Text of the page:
This article was published on March 5th, 2021
Tart, dry, and slightly sweet, the Sidecar, a classic cocktail, has a long and rich history. It’s one of the most famous classic cocktails and remains a drinkers favourite to this day.
Quick history lesson here. Cocktail connoisseurs estimate that the Sidecar cocktail came into existence around World War I. It appeared in two books in 1922: Harry MacElhone, “Harry’s ABC of Mixing Cocktails,” and “Cocktails and How to Mix Them” by Robert Vermeire. Those were like the cocktail bibles back then.
Fast forward to 2021, and we’re still dealing with the pandemic. The Sidecar should provide a temporary escape from all the doom scrolling, or at least make it bearable.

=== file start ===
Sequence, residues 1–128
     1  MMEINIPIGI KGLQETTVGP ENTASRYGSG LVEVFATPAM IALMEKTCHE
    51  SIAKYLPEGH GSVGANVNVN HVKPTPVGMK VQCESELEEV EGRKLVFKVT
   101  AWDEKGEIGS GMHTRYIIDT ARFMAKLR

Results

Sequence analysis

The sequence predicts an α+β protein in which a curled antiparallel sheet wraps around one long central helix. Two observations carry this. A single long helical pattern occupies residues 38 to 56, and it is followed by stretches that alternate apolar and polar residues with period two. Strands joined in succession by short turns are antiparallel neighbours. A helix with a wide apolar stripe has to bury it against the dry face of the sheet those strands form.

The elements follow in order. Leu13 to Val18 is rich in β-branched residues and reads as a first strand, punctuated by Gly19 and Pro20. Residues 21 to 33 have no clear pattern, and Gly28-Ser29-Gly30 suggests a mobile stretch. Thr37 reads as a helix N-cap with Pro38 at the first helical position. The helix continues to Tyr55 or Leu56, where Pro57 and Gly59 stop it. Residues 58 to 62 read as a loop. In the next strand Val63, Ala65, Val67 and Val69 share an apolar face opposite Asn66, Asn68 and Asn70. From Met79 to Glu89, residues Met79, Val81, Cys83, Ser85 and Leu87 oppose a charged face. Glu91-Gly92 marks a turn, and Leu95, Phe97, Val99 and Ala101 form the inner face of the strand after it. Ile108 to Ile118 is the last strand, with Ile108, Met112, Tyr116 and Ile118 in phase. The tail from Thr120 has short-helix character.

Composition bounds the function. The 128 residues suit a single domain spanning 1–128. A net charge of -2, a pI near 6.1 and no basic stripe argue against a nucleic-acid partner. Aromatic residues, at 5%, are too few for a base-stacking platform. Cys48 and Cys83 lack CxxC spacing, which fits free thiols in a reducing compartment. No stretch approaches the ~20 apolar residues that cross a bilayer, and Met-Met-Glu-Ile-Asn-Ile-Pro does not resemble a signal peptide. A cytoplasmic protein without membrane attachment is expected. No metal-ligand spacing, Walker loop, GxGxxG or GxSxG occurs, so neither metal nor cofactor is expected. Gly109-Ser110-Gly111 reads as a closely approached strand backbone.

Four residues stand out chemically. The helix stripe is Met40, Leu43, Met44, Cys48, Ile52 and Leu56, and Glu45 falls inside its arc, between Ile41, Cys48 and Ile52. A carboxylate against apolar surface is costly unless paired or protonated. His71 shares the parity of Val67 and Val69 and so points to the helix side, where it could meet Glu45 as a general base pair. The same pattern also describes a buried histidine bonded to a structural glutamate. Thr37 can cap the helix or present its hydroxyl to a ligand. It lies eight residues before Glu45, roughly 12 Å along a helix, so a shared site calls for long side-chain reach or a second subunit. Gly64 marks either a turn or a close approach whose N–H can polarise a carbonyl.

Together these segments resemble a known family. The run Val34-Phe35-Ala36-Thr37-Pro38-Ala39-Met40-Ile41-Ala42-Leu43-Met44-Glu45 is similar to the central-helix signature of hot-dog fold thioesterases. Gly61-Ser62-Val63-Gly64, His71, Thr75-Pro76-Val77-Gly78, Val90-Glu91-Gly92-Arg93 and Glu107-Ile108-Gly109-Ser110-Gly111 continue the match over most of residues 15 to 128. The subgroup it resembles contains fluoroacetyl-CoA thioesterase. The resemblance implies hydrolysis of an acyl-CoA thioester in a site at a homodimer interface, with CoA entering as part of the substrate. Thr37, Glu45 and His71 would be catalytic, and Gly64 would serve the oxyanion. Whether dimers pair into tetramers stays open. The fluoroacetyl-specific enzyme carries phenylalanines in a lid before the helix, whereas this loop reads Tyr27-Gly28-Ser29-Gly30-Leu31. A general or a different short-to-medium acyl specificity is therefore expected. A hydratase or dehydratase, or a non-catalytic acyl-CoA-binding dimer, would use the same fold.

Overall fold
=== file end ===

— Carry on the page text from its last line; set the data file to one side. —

Made with brandy or another cognac and served in a sugared rim glass, this cocktail is a welcome treat for those days, well, just about any day.
So, why Sidecar (the name)? One legend has it that the drink was first served to a customer who arrived at a bar in the Sidecar of a motorcycle.
The practical reason, however, is more, shall we say banal? It turns out that the mixture left in the shaker after straining is served as a shot on the side—Yeap, Side…car.
Shake, strain, and enjoy!
- 2 oz brandy
- ¾ oz lemon juice
- ¾ oz orange liqueur
Rim a coupe glass with lemon juice and sugar. Combine brandy, lemon juice, and orange liqueur in a cocktail shaker filled with ice. Shake—strain into a sugar-rimmed glass.